While making a state officer who has no connection with the enforcement of an act alleged to be unconstitutional a party defendant is merely making him a party as a representative of the State, and thereby amounts to making the State a party within the prohibition of the Eleventh Amendment, individuals, who, as officers of the State, are clothed with some duty in regard to the enforcement of the laws of the State, and who threaten and are about to commence an action, either civil or criminal, to enforce an unconstitutional state statute, may be enjoined from so doing by a Federal court.
Under such conditions as are involved in this case, the Federal court may enjoin an individual or a state officer from enforcing a state statute on account of its unconstitutionality, but it may not restrain the state court from acting in any case brought before it either of a civil or criminal nature, or prevent any investigation or action by a grand jury.
An injunction by a Federal court against a State court would violate the whole scheme of this Government, and it does not follow that, because an individual may be enjoined from doing certain things, a court may be similarly enjoined.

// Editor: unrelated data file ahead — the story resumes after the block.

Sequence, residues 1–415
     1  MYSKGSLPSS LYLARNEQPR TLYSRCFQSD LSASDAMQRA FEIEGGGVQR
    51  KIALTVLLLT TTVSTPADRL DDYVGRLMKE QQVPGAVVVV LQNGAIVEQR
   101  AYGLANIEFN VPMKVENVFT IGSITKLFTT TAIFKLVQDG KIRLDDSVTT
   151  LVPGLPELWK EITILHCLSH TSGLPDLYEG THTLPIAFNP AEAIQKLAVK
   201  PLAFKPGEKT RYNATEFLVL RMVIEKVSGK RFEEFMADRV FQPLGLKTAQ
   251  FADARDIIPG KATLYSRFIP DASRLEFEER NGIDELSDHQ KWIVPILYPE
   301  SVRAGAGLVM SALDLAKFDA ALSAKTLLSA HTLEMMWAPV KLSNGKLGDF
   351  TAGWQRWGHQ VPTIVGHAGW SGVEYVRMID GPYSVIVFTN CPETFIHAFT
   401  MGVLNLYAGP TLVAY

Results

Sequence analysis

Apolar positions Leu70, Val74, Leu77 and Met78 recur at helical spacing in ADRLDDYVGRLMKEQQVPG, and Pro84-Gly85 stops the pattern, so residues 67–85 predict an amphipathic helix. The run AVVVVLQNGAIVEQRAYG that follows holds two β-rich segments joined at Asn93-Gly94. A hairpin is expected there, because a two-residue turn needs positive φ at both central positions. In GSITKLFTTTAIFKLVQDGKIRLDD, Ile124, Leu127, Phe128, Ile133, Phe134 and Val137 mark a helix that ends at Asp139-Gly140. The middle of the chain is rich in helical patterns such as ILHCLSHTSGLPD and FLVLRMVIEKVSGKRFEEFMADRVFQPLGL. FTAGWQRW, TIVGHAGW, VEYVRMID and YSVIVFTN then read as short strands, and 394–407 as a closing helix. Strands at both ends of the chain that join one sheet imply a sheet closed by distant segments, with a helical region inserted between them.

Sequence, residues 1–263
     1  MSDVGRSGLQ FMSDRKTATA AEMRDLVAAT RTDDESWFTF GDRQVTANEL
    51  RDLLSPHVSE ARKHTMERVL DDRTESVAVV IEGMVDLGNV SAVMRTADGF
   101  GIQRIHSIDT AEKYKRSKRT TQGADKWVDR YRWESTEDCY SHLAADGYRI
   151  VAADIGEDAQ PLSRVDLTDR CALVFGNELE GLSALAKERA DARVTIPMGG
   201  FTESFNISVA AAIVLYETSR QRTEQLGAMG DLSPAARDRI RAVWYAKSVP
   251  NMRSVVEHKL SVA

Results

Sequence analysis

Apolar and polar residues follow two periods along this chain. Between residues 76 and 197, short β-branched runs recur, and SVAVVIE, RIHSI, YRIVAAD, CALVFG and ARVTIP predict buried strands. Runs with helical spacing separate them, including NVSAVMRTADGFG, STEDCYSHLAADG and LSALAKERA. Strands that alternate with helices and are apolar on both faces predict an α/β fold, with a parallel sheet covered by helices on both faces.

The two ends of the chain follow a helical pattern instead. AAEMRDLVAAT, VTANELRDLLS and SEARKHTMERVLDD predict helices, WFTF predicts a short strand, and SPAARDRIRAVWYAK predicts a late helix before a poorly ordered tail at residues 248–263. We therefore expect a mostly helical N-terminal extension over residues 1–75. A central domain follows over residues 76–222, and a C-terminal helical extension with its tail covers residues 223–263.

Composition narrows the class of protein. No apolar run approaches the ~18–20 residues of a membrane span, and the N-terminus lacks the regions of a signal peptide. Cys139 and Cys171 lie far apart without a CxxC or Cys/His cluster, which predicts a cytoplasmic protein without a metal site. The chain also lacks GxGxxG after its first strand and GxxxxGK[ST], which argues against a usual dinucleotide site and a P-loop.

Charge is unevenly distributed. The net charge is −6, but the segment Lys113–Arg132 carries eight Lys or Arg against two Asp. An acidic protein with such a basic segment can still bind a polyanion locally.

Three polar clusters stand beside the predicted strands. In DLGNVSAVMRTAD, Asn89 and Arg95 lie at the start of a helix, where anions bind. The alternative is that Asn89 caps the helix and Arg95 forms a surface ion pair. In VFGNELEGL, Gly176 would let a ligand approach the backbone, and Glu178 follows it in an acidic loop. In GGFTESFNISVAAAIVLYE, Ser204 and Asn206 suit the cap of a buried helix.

No adequate remedy at law, sufficient to prevent a court of equity from acting, exists in a case where the enforcement of an unconstitutional state rate statute would require the complainant to carry merchandise at confiscatory rates if it complied with the statute, and subject it to excessive penalties in case it did not comply therewith, and its validity was finally sustained.
While a common carrier sued at common law for penalties under, or on indictment for violation of, a state rate statute might interpose as a defense the unconstitutionality of the statute on account of the confiscatory character of the rates prescribed, a jury cannot intelligently pass upon such a matter; the proper method is to determine the constitutionality of the statute in a court of equity in which the opinions of experts may be
taken and the matter referred to a master to make the needed computations and to find the necessary facts on which the court may act.
A state rate statute is to be regarded as prima facie valid, and the onus rests on the carrier to prove the contrary.